The brand-name fashion industry creates high levels of competition in developing countries, leading to labour exploitation and human rights abuse. The 2013 World Investment Report found that pushing prices down in global value chains has led to “significant negative social and environmental impacts”. In response, fashion corporations and retail giants introduced codes of conduct to address consumer concerns and stop any damage to brand reputation. Corporate Social Responsibility (CSR) has had some success in preventing child labour but little if any victory in allowing workers the right to organise and bargain collectively. In fact, CSR has been blamed for undermining the role of trade unions and privatising labour rights. In this article, I trace the history of CSR from shareholders to a human rights model. I highlight tensions between national accumulation policies, company profits, shareholders and CSR on the one hand, and migrant workers and human rights on the other.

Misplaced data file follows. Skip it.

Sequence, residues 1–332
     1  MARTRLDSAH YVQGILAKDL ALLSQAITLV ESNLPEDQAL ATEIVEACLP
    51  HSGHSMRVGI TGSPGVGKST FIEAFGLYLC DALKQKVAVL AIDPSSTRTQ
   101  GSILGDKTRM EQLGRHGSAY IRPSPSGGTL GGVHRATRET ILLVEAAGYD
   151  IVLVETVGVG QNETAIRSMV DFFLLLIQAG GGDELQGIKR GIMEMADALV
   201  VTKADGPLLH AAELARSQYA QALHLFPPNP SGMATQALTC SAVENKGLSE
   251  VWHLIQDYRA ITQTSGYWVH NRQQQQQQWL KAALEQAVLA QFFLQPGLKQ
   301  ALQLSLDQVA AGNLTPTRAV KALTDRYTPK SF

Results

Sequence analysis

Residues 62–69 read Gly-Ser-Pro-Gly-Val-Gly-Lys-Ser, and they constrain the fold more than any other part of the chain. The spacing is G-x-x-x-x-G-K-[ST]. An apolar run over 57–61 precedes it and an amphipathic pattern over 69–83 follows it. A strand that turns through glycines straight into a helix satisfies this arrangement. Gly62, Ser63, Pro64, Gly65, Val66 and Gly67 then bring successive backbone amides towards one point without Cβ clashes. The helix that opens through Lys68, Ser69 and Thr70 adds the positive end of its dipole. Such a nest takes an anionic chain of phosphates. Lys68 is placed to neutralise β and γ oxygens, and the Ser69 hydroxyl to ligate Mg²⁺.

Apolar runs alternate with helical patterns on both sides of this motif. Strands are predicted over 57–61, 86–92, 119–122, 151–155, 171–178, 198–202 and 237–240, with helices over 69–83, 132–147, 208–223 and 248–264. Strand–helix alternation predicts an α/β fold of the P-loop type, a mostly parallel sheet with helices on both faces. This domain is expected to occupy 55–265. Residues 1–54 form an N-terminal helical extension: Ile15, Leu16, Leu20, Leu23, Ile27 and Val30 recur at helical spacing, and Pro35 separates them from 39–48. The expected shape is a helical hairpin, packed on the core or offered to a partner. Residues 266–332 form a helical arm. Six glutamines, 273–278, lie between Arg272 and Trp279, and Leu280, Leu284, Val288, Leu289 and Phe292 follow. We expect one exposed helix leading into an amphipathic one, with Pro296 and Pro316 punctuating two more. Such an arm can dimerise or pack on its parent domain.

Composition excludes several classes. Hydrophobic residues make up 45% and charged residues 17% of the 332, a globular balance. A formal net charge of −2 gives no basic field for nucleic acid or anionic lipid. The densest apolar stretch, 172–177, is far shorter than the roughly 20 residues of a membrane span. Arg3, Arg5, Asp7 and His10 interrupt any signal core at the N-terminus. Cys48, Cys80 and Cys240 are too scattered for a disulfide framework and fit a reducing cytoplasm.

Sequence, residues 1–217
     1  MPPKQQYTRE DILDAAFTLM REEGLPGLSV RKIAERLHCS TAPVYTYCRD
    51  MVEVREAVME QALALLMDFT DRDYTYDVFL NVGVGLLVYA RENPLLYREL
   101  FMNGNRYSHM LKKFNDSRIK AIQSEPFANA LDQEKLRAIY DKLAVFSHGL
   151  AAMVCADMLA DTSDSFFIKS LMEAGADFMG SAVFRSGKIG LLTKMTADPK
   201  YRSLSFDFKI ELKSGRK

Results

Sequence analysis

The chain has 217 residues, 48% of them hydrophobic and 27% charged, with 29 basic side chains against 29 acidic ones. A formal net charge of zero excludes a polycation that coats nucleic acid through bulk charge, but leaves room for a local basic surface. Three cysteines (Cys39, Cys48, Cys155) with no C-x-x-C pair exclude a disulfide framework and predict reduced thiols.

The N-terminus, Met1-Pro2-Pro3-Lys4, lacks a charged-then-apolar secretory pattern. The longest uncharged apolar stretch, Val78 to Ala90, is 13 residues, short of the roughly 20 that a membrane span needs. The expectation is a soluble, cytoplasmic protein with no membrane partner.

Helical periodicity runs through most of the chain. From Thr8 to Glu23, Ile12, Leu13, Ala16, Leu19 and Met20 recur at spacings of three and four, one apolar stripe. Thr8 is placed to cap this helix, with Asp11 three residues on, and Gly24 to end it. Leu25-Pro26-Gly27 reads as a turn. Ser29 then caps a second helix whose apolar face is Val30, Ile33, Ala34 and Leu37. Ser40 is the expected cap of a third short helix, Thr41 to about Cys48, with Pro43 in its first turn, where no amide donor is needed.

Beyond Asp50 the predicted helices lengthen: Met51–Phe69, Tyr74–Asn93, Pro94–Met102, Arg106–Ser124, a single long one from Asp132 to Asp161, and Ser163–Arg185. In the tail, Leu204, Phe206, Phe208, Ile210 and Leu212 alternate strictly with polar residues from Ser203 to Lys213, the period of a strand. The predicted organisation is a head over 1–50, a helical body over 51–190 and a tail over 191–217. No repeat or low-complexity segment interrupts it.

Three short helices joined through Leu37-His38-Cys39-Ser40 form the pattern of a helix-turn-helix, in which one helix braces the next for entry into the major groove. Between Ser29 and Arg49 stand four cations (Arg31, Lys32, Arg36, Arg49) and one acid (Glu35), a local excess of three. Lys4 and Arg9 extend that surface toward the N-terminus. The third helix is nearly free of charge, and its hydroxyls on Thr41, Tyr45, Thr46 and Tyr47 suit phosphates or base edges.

Crinis, V., 2019. Corporate social responsibility, human rights and clothing workers in Bangladesh and Malaysia. Asian studies review, 43(2), pp.295-312.